• Chapter Five regulates dealing in foreign currencies.
  • Chapter Six addresses consumer protection, competition protection and dispute resolution.
  • Chapter Seven lists penalties for violations.

Payment Service Providers and Payment Systems Operators under the CBE Law

PSPs were not directly regulated until the enactment of the CBE Law. The CBE did issue several circulars and regulations addressing electronic payment services, including regulations on technical payment aggregators and payment facilitators ("PayFacs"), payment services using prepaid cards, and standards for issuance and acceptance of contactless payments. However, these regulations target traditional banks that contract with PSPs and PayFacs rather than the service providers directly.

The CBE Law now defines a payment system as "a group of mediums and procedures to payoff, set off or settle monies by means of transferring money between two parties or more via an electronic system" (Article 1 [33]). Payment services are further defined as "all services related to the account information, issuing, or sending requests for payment and payment operations or receiving such or implementing such whether in local or foreign currency, it [payment services] includes issuing and managing payment instruments and electronic money."

There is an entire chapter dedicated to payment systems, payment services and financial technology that mainly regulates oversight and supervision, providing bank guarantees, and the requirement to obtain a license. The objective is to ensure compliance with license conditions, to regulate outsourcing, and to outline the main rules for operating a payment system as well as penalties for violations.

Providing Services Related to Payment and Operating Payment Systems Requires Licensing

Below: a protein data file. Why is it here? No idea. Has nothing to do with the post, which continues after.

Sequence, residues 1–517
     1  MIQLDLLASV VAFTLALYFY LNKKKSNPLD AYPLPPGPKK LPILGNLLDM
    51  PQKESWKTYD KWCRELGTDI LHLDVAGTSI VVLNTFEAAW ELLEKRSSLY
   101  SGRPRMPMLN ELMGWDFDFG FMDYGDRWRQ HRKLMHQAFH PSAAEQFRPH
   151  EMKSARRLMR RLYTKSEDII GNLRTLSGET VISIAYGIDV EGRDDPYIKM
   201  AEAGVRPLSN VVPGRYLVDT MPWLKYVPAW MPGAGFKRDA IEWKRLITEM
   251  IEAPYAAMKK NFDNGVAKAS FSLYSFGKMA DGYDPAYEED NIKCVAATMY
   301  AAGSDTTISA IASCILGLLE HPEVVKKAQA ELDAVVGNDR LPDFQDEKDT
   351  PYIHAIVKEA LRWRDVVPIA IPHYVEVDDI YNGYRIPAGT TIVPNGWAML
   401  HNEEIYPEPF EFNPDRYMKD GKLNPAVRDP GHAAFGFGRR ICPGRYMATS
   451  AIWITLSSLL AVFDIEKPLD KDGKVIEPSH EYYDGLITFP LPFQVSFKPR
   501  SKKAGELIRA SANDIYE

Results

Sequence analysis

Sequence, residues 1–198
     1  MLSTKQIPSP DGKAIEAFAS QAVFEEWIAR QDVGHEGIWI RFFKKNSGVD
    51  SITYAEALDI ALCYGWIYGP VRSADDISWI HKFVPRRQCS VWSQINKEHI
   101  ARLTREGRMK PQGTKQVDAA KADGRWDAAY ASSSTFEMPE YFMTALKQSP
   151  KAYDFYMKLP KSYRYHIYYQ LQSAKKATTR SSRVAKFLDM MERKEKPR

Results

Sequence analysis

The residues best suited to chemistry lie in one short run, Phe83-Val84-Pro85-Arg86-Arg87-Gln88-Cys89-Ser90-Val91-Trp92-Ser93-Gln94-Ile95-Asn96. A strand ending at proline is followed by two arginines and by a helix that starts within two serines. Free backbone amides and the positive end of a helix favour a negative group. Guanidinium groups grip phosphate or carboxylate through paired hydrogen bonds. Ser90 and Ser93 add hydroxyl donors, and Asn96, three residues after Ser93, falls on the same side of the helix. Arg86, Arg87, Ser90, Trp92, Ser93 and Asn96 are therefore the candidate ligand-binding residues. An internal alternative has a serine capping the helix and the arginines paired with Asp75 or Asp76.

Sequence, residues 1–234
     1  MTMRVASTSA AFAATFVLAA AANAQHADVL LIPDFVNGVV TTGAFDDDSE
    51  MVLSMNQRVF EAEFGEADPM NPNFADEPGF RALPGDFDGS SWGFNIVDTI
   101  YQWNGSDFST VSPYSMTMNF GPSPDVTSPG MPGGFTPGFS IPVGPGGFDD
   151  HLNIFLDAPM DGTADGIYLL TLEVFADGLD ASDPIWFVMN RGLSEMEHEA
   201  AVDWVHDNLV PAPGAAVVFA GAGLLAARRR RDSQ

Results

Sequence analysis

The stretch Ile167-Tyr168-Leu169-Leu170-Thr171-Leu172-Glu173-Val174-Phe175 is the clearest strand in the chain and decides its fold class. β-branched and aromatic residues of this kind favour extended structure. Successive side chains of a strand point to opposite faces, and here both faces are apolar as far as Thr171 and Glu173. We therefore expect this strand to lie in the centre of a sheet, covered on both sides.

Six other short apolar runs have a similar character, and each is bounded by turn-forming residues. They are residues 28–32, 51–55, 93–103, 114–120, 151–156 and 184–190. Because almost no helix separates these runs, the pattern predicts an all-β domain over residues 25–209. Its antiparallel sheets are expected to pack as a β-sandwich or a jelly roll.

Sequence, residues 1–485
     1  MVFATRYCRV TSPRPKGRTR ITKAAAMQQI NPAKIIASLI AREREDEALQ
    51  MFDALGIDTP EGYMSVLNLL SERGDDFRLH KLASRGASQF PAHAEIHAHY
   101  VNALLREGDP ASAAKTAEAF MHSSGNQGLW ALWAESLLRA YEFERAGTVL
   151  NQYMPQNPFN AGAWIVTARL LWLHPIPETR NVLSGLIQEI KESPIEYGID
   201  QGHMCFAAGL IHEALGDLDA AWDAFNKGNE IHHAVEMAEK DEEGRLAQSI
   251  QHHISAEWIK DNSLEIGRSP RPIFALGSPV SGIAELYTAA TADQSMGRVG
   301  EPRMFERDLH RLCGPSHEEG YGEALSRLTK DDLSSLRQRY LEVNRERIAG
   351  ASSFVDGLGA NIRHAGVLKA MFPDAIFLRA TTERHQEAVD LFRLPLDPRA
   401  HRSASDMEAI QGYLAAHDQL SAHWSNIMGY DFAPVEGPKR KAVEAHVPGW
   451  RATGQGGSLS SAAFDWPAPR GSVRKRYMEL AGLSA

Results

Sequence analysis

According to Article 184 of the CBE Law, natural and juristic persons are prohibited from conducting any activities related to operating payment systems or providing payment services, unless they have obtained a license from the CBE. The licensing requirement extends to PSPs and PSOs operating inside Egypt or targeting residents in Egypt from abroad.

In this respect, the CBE Law follows an extraterritorial approach, confirming an emerging pattern whereby certain Egyptian agencies shift from a strictly territorial approach to regulations in favor of an effects-based one. The wording of the CBE Law's Article 184 leaves no doubt that the CBE will abandon its practice of applying laws and regulations only to financial institutions with a physical presence in Egypt.

Article 185 of the CBE Law further empowers the CBE to issue regulations governing the conditions for and procedures of granting a license to operate payment systems or provide payment services. These regulations focus on the following aspects in particular:

  • Minimum capital
  • Legal form
  • Requirements of technical competence
  • Financial solvency requirements
  • Fitness and probity requirements for directors and officers
  • Disclosure obligations regarding ownership structure
  • Implemented technology